Wisconsin Gov. Scott Walker (R) has just a few days to decide whether to extend vast new business privileges to payday lending companies in his state after Republican legislators tacked the expansion onto the state budget at the last minute without debating the proposal openly.
The measure would allow payday lenders to start selling new lines of products to their customers, including insurance, tax preparation services, and financial advice. It would also license them to market annuities, a complex financial product in which the consumer effectively gambles on how long they will live — and can face years with little to no income if they don’t die as soon as they planned.
Like payday loans themselves, annuities are a marketplace where the seller has far more sophisticated information and analytic tools than to buyer to guide their decisionmaking. The imbalance of information allows unscrupulous companies to steer vulnerable customers into inappropriate financial products that are likely to do more harm than good to the person’s financial stability.
Payday lending and consumer credit experts told ThinkProgress that such a policy is almost unheard of, suggesting that Wisconsin could be taking a radical step to expand payday lenders’ access to consumers’ money beyond what is common in other states that allow the loans.
When a business model is predicated on the kind of uneven information that marks annuities and payday loans, and public officials decline to put regulations in place to curb abuses, the only thing between consumers and predation is the good will of the company they’re dealing with. University of Wisconsin Law School professor Sarah Orr told the American Banker that allowing the payday lending industry to move into new lines of business with their existing low-income consumers is a recipe for harm. “I think the results for them and their families will be really catastrophic,” Orr told the trade paper.
Walker is also being urged to veto the expansion by 30 different faith groups, advocates for low-income families, and other public interest organizations. The average payday borrower in Wisconsin will pay 574 percent annual interest on their short-term loan, according to Pew Charitable Trusts research. Borrowing $300 for five months — the typical duration of a payday loan cycle — costs roughly $604 in fees and interest payments. Such triple-digit rates are the norm in states like Wisconsin that leave regulations on the industry light.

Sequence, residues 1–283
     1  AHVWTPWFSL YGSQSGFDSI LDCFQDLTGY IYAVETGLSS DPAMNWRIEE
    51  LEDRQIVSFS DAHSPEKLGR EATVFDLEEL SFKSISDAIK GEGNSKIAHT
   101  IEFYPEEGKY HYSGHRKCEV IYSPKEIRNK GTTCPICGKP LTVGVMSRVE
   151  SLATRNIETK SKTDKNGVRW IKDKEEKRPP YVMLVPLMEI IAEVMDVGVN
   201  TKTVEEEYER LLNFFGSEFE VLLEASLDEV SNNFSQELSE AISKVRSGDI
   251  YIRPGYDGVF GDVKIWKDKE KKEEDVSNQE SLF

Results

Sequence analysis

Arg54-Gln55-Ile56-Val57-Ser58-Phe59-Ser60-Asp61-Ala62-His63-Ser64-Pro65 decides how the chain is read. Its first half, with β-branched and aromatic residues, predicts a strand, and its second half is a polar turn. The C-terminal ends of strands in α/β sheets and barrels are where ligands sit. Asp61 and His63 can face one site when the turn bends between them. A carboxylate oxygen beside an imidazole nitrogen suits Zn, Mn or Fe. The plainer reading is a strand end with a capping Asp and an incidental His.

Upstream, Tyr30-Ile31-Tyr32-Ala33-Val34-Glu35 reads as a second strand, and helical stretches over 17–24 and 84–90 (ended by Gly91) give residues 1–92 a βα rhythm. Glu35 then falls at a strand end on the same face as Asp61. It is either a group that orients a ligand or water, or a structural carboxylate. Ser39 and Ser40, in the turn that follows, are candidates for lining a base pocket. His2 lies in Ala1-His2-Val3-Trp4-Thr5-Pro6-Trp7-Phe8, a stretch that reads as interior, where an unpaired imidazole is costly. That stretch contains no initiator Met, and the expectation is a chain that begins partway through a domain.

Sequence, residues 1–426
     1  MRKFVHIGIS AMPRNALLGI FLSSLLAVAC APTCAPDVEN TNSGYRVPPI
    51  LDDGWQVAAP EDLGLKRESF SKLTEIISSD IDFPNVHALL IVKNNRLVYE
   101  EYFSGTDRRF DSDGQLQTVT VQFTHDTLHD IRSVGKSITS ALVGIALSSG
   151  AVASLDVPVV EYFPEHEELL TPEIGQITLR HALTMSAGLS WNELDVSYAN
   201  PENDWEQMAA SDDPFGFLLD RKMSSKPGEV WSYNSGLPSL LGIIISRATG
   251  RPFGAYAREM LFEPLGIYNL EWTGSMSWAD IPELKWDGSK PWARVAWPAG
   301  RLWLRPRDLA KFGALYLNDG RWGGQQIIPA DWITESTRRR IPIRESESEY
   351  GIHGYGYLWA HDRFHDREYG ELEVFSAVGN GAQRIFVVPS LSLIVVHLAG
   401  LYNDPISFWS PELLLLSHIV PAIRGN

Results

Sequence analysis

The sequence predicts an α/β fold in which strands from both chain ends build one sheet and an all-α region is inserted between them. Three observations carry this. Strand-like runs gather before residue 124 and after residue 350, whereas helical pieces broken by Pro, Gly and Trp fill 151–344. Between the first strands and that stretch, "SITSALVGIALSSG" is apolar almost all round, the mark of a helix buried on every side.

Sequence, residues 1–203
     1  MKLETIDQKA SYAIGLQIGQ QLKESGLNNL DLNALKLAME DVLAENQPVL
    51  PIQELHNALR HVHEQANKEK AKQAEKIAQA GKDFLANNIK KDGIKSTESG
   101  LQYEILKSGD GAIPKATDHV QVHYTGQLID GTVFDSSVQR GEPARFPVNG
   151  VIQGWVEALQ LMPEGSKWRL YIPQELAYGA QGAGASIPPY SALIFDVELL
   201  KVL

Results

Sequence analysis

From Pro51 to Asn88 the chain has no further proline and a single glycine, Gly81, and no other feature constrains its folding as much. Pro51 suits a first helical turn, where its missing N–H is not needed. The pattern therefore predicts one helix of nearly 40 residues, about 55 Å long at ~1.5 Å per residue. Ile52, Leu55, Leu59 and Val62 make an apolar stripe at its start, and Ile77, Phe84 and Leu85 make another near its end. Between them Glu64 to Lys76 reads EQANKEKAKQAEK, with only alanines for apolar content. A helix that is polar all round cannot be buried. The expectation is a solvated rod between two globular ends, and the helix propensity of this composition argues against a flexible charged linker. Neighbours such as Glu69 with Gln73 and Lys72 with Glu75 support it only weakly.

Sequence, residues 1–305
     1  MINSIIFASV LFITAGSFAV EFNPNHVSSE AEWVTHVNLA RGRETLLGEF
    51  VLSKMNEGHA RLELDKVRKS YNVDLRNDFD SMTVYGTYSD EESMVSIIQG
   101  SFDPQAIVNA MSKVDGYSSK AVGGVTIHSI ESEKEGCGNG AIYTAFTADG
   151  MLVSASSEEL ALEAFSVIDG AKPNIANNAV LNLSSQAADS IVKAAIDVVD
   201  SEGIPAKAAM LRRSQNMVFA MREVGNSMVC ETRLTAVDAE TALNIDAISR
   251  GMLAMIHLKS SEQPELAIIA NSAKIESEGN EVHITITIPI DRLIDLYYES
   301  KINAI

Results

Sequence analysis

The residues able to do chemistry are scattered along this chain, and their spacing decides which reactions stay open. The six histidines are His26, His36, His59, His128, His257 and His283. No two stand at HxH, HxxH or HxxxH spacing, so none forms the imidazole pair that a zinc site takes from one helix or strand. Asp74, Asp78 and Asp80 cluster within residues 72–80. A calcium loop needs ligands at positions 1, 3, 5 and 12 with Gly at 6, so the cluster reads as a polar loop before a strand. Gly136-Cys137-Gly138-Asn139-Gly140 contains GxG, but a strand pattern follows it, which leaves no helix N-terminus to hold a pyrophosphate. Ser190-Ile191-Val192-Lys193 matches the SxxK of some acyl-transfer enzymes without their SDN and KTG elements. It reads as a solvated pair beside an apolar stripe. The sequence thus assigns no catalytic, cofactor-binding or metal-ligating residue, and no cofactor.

Walker has line-item veto powers in Wisconsin, and the state’s governors have often excised individual policy add-ons from the state’s budgets in the past. Walker’s predecessor, for example, used his veto scalpel to block auto title lenders from the state in 2010 after lawmakers had sought to allow that often-predatory industry into Wisconsin with some limits on how much cash they could extract from any given customer. Since the budget won final approval in the pre-dawn hours of Thursday morning, and Walker is reportedly planning to announce his White House candidacy on Monday afternoon, the governor’s review of the budget for potential veto decisions is already underway.
Payday lenders have been on a regulatory rollercoaster in Wisconsin in recent years. After decades of completely unregulated operation, a Democratic majority sought to provide consumers with some protection from the industry without pushing it out of business entirely. The 2010 state budget capped the amount that a payday borrower could take out at either $1,500 or 35 percent of her monthly income, whichever was least. But a GOP wave in elections later that year flipped control of the legislature, and Republicans quickly used their majority to loosen the new payday lending rules.
The industry had spent nearly $700,000 opposing regulation in the year prior to the Democratic rules passing. Several key GOP officials in the state have also received thousands of dollars in campaign contributions from the industry, according to the Milwaukee Journal Sentinel.
Several states effectively ban payday lending by setting interest rate caps that chase lenders away. But it’s possible to restrict the industry’s profits and protect consumers’ interests without squashing the lending entirely. Since most payday loan customers have no alternative for accessing financial services in an emergency, many analysts including Pew’s advocate for a moderate approach such as that taken by Colorado. A compromise package there lowered the average annual interest rate from Wisconsin levels down to 129 percent — still an incredibly expensive form of credit, but not the kind of permanent debt trap that prevails in low-regulation states.
Federal regulators are also on a quest to strike such a middle-ground compromise on the industry, though some lenders and their trade associations have accused the Consumer Financial Protection Bureau of looking to kill payday lending rather than restrain its most abusive practices.
But in making a decision about the proposal lawmakers sent to him in Wisconsin, Walker will be operating on much less trafficked ground. While some states allow insurance sales by payday lenders as a feature of their normal loan contracts, the Wisconsin measure permitting lenders to sell insurance and annuities as standalone products is almost unheard of, the Consumer Federation of America’s Tom Feltner told ThinkProgress.
“It’s a novel proposal that raises concerns about lenders whose standard business practice is to keep borrowers in debt for half the year on average. We’d be extremely concerned about those same companies offering other, more complex financial products,” Feltner said.